The high cost of building student housing is pushing Temple University to consider renovating older facilities and contracting with private developers to increase the number of beds available for students on Main Campus.
University Housing has targeted the aging Temple Towers dorm for an overhaul.
The University conducted a study last year that recommended that the building be
renovated rather than demolished.
The renovation will take place over two summer breaks, although dates have not yet been set, according to Director of Housing John Niven.
Once plans have been approved, he said the renovation would make “more efficient use of space” in Towers.
“At the moment there is too much unusable area,” said Niven.
The tentative plan calls for creating two-bedroom apartments and upgrading the bathrooms and kitchens.
The building’s balconies will also be enclosed for safety reasons. The renovations will slightly increase in the number of beds in Towers.
University officials are unsure as to where more housing will be created.
Liacouras Walk is one possibility, but no there are currently no plans for further development along the walk, according to Niven.
“That area is prime for development, although we haven’t decided whether it would be more useful as housing, retail or classrooms,” said Niven.
The University is also in the process of finding the funding needed for new housing. Investment can come from the city, the university itself or private developers.
Temple is currently engaged in discussions and hopes to have a definitive investment plan by the end of the year.
Recently, the University has begun to look to private developers such as Philadelphia Housing Management, which owns the Kardon Building, to create housing near Main Campus.
“The University has already incurred a large amount of debt from building structures like [the] 1940 and 1300 [residence halls],” said Niven.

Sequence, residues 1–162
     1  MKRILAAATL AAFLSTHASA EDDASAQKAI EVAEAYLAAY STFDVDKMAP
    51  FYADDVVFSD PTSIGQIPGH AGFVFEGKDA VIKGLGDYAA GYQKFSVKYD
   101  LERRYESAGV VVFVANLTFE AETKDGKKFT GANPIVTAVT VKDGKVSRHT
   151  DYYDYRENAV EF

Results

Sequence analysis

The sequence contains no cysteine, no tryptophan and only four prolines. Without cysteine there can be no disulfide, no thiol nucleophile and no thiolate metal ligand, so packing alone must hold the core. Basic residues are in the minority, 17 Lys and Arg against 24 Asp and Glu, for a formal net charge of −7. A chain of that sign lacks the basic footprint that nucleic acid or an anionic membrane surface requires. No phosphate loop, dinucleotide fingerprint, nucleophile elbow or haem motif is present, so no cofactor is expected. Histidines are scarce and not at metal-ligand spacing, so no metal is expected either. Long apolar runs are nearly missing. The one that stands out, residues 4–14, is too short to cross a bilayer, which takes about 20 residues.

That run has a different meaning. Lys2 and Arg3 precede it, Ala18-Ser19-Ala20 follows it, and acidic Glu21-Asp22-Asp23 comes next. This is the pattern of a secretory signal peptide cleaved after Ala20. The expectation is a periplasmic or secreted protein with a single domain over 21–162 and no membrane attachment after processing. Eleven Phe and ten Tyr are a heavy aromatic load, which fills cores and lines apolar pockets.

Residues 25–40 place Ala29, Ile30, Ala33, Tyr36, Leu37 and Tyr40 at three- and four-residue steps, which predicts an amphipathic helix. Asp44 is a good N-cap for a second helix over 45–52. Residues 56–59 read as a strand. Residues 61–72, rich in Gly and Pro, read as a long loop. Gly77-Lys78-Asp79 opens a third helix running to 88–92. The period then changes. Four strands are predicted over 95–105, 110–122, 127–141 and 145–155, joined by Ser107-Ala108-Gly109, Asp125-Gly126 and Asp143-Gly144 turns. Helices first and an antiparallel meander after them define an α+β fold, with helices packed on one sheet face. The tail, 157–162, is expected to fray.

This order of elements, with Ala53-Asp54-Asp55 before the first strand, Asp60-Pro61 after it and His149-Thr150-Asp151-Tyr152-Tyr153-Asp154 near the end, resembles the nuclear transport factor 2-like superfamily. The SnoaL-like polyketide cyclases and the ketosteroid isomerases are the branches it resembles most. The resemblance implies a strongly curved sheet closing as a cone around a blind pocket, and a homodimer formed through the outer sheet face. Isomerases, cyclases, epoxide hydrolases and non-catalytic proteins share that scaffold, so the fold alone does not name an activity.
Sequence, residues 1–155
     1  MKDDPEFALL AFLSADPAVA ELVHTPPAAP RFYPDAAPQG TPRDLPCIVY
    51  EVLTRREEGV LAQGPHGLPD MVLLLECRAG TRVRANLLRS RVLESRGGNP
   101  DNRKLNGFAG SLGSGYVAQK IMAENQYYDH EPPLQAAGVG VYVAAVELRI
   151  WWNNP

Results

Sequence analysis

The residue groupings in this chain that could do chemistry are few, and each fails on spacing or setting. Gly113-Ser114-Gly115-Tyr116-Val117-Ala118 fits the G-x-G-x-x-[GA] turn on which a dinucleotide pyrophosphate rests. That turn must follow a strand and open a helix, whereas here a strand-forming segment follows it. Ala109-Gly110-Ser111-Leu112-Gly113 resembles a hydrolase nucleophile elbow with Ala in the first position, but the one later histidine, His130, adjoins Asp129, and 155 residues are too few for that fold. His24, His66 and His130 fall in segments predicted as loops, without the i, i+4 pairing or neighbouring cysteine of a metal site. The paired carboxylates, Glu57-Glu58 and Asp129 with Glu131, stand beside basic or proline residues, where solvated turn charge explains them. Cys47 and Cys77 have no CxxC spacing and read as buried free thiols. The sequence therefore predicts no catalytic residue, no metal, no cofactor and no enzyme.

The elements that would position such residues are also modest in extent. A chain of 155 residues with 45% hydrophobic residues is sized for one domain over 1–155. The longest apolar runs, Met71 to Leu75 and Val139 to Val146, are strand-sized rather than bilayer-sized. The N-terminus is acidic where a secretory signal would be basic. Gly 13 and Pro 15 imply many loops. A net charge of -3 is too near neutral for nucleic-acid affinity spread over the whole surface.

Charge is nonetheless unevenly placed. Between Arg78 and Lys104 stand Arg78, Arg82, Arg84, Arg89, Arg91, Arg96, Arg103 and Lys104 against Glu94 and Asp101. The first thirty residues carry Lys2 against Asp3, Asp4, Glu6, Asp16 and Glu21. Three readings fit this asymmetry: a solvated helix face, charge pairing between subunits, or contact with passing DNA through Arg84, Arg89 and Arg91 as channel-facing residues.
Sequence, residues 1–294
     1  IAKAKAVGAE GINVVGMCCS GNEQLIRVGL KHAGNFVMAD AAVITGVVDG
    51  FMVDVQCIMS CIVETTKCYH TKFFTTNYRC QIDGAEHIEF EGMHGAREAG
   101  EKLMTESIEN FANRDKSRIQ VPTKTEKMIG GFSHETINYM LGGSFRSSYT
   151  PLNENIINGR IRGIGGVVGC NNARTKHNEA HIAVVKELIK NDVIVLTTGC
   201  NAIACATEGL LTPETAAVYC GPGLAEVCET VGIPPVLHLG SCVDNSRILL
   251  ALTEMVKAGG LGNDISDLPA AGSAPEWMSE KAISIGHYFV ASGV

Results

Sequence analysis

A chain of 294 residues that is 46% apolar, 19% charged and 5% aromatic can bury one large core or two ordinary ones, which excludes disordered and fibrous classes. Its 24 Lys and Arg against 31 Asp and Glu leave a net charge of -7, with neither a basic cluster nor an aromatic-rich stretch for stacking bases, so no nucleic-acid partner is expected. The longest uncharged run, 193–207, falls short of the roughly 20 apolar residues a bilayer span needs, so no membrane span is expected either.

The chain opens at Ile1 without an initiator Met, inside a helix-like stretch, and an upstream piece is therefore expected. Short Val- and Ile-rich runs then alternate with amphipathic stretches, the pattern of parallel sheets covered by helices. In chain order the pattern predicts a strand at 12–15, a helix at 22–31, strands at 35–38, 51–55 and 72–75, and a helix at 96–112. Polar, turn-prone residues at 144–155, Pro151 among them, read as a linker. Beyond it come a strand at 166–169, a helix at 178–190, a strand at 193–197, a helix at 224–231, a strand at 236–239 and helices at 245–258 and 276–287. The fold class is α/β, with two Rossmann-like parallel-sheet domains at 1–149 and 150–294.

“Temple is not looking to add any more debt from housing projects. Finding private developers is the next best option.”
Philadelphia Management is currently developing student apartments in the former Elmira Jeffries nursing home on 15th and Jefferson streets.
Since there is a shortage of University-owned plots in the area for officials to offer developers, they are hoping to attract private developers by assuring that any investment would be safe because of the large number of students.
The growing enrollment at the university will be a factor for any developer, Niven said.
“There needs to be a decision made about future enrollment expectations, specifically what size the University wants to be in five or 10 years,” Niven said.
“We also have to determine what our long-term relationship will be with our auxiliary housing, such as Kardon, Ben Franklin House and Presidential City.”
As students move further into the community and away from the heart of the main campus, the University also has begun to consider the needs of residents of North Philadelphia as well as the well being of the students.
“Temple and town issues are constantly being considered,” said Niven.
“I’m hopeful that the school will consider the [city of Davenport’s] model.
In that case the city developed an entire city block with both units for the students to rent as well as townhouses for low-income families.”
Holli Powitzky can be reached at firstname.lastname@example.org.